The Industrial Revolution saw a large-scale shift from rural to urban life throughout Europe in the mid-1800s. There were massive changes in the nature of work, the consumer economy, women's roles in society, and even in the size and nature of families. Up to this time most consumer products were essentially luxuries that served what was known as “the carriage trade,” or upper-class customers. New machinery and technologies brought about new products and services that were now available to the masses. Railways and steamships made it easier to move goods over long distances, and manufacturers marketed and distributed consumer goods nationally and internationally as a result. Packaging design grew alongside these developments.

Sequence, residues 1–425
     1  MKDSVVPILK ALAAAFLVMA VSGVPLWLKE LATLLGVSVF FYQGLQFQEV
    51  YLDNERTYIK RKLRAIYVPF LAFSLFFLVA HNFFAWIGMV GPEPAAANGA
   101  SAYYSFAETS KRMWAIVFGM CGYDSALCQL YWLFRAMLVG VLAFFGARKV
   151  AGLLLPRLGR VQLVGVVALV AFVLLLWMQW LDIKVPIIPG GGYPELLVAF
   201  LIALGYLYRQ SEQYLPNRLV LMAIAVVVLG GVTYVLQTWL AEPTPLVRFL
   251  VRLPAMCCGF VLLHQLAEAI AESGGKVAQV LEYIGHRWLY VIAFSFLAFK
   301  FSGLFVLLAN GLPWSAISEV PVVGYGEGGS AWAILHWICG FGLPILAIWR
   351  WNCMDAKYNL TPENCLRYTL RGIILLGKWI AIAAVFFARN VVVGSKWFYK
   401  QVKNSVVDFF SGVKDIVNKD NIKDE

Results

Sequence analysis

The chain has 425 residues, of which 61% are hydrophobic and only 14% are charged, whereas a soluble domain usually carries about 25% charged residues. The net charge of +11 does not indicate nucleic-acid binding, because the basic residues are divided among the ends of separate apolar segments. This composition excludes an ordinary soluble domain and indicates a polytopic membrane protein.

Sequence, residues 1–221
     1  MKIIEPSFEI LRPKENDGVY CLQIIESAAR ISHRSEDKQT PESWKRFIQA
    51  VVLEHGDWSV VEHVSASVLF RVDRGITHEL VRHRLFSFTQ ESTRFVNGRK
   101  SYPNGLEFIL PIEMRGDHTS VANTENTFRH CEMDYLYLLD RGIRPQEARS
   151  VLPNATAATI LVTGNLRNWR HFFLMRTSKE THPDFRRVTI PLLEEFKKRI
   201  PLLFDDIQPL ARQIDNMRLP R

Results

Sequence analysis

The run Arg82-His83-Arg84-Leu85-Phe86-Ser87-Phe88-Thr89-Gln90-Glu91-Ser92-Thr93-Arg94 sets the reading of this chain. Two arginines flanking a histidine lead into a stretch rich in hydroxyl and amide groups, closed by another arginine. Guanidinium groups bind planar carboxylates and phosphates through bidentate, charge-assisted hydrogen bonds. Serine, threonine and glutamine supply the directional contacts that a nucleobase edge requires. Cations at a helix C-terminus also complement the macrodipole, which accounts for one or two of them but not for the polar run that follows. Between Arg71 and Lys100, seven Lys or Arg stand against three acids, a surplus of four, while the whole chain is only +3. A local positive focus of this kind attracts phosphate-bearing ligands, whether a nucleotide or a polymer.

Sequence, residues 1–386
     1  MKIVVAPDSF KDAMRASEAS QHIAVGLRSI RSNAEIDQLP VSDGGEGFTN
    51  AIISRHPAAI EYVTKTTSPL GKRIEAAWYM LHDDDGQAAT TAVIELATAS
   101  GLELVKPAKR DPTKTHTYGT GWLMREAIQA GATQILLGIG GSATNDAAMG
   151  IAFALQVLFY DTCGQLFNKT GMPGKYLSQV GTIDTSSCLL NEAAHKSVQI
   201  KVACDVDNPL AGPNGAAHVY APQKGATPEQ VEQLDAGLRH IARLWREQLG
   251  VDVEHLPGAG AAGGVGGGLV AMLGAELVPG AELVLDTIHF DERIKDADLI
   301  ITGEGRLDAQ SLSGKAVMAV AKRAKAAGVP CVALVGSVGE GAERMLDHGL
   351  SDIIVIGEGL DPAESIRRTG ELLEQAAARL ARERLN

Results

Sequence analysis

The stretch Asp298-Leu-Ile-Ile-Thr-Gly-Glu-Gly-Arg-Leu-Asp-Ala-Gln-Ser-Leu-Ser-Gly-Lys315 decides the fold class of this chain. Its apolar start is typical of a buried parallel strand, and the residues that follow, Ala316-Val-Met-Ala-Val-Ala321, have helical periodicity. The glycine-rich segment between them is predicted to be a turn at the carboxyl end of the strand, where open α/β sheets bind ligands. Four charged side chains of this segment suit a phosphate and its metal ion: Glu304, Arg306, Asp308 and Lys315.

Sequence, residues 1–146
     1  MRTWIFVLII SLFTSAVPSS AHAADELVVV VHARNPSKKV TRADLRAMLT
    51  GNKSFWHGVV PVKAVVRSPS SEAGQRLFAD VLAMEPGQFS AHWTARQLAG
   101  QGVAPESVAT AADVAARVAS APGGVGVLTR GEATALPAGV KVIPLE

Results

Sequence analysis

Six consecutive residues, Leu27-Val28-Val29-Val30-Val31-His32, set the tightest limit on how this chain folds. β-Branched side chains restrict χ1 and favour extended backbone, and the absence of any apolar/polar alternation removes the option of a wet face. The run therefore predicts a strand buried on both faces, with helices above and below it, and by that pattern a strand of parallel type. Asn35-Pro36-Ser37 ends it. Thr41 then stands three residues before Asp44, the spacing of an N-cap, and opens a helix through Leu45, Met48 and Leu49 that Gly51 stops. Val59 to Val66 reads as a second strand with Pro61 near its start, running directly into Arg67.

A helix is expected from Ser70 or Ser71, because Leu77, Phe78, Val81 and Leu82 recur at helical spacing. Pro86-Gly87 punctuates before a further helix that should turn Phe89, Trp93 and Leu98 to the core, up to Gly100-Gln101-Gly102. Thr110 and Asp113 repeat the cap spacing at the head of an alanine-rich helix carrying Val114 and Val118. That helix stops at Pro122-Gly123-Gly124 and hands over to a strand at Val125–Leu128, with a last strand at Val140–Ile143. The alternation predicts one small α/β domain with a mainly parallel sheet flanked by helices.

Three important innovations arose almost simultaneously at the end of the nineteenth century:
The printing method of lithography, invented by Alois Senefelder in 1798, was a significant milestone in the history of packaging design and was advanced by methods of industrial production. Since everything from cardboard boxes and wooden crates to bottles and tins had a paper label, the lithographic process of printing labels greatly enhanced packaging technologies.
The Linotype (“line of type”) composing machine, invented in 1884 by Ottmar Mergenthaler, was regarded as the greatest advance in printing since the development ...